Potting Materials (possibly included)

Total Cost: minimum $53, maximum $166 depending on greenhouse fees

Timeline

Within the next week (week 1):

Rent Greenhouse

Coordinate with Virginia to gather samples (turfs)

  • Need to replicate the same native and invasive species throughout the samples

Plant the treatments and water

Weeks 2-5:

Artificially graze the indicated plots

Start taking data points

Visit Jepson Prairie Preserve for observational component

  • Presence/Absence

Measure total biomass at the end of the data collecting period

Compile and Analyze data

Works Cited

Marty, J. T. 2005. Effects of Cattle Grazing on Diversity in Ephemeral Wetlands. Conservation Biology 19:1626–1632.

Swiecki, T., and E. Bernhardt. 2008. Effects of grazing on upland vegetation at Jepson Prairie Preserve: Third year (2007) results and final report.

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Cost Estimate

$3.32 per trip per car (x3)=  $10 in fuel costs per trip for 10 trips

Greenhouse rental fee:

  • Require 12.9 square feet, round to 13 sq. ft.
  • Yearly Fee Estimate  $30 sq. ft. = $390

Potting Materials (possibly included)

Total Cost: minimum $100

 

Timeline

Within the next week (week 1):

Rent Greenhouse (contact: Doug Walker   dewalker@ucdavis.edu)

Read up on vernal pools and the threats of introduced species (drop box it up!)

Research effects of grazers aside from purely biomass removal (compaction, saliva induced responses, etc.)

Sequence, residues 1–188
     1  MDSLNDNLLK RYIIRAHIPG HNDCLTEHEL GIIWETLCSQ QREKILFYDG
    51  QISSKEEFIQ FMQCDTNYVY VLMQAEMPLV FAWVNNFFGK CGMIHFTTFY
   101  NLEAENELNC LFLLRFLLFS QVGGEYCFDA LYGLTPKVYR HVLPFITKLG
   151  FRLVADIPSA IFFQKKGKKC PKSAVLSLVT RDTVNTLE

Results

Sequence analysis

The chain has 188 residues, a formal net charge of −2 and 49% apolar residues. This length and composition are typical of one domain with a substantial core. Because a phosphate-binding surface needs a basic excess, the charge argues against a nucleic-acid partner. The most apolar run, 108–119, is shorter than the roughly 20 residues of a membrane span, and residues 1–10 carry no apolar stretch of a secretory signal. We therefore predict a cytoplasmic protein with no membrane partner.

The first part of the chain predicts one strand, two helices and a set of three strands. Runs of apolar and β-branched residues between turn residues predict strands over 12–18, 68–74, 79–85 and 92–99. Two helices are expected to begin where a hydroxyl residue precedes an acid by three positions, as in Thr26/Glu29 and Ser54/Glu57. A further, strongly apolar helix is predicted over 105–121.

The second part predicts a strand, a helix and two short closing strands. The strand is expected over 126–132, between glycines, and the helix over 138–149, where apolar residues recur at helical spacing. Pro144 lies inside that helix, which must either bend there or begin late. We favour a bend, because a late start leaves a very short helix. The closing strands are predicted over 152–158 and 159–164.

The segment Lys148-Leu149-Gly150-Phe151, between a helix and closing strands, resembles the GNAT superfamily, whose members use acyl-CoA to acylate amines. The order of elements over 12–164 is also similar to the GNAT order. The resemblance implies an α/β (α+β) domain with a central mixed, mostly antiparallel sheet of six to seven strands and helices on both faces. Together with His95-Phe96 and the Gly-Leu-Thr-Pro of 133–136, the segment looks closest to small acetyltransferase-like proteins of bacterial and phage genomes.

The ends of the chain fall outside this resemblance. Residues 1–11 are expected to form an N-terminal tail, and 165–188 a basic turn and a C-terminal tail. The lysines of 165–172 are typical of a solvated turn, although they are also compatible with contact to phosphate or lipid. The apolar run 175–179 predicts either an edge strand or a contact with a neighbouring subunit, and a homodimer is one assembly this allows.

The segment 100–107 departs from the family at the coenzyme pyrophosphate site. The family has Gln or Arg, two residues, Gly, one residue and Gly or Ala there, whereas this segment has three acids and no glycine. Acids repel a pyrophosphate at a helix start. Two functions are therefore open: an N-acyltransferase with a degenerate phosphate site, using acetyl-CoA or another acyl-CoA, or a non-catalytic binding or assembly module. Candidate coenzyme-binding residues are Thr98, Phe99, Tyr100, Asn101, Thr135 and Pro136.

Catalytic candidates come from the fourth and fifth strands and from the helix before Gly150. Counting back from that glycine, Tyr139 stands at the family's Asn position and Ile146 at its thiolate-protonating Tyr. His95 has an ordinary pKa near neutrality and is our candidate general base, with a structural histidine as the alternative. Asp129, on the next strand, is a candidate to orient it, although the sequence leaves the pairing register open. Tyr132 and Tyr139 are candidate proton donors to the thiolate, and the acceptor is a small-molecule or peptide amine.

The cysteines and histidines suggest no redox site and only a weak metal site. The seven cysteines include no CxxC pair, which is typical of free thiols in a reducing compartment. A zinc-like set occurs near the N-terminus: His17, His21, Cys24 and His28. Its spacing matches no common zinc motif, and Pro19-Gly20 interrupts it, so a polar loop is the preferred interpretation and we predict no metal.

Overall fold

Coordinate with Virginia to gather samples (turfs) set up plots along transect of inundation gradients

Plant the treatments and water

 

Weeks 2-5:

take measurements

Artificially graze the indicated plots

Start taking data points

Visit Jepson Prairie Preserve for observational component

  • Presence/Absence

Measure total biomass at the end of the data collecting period

Compile and Analyze data

 

Edit:

We are proposing to move this project to the field, as we agree that the field would offer the best environment to test these ideas. In order to make this more feasible, all three of us would be willing to drive every time we go out. We are keeping the same treatments, but adding a hydrological component. To achieve this, we will replicate treatments along inundation gradients. The inundation gradient would be determined by measuring water depth if inundated and soil moisture in plots that are not inundated. We would expect that grazing would have a stronger effect in weakly inundated areas. Evapotranspiration rates could be measured additionally to look at quantitative water use on an individual basis in parallel to the rest of our experiment. We would like to make artificial grazing as realistic as possible, but have not yet found examples of artificial grazing techniques. Depending on how often the class is willing to go to the field site, we can reduce frequency of grazing and plant measurement.

 

Clarification: Haphazard weeding is used to isolated purely the effects of weeding from the effects of invasives being present or not. Haphazard weeding is accomplished by removing the same number of individuals from each plot.

 

More Citations:

Boucher, Virginia. 2015. Personal conversation.

Box, P. O., and R. Bluff. 1996. Managing the Sacramento Valley Vernal Pool Landscape to Sustain the Native Flora. Ecosystems:236–240.

Robins, J. D., and J. E. Vollmar. 2002. Livestock Grazing and Vernal Pools. Wildlife and Rare Plant Ecology of Eastern Merced County’s Vernal Pool Grasslands:401–430.